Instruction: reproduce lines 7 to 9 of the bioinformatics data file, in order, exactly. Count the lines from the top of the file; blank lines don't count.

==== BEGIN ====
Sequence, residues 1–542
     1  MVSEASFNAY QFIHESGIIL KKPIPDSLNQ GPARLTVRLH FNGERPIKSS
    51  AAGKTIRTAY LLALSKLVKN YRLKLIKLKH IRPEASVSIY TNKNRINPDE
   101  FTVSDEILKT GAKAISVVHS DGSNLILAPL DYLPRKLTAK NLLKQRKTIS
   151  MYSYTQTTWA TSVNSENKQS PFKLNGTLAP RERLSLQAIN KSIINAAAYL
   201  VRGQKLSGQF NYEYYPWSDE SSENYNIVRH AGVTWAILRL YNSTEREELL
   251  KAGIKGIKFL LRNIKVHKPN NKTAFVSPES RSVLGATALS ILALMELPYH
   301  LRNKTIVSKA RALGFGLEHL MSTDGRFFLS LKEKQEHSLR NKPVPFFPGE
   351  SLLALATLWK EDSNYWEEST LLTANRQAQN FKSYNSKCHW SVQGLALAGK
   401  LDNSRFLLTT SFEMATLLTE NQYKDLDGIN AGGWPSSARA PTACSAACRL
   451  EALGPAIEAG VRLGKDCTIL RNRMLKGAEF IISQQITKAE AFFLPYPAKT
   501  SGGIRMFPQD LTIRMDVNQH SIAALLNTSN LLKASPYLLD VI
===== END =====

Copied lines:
   251  KAGIKGIKFL LRNIKVHKPN NKTAFVSPES RSVLGATALS ILALMELPYH
   301  LRNKTIVSKA RALGFGLEHL MSTDGRFFLS LKEKQEHSLR NKPVPFFPGE
   351  SLLALATLWK EDSNYWEEST LLTANRQAQN FKSYNSKCHW SVQGLALAGK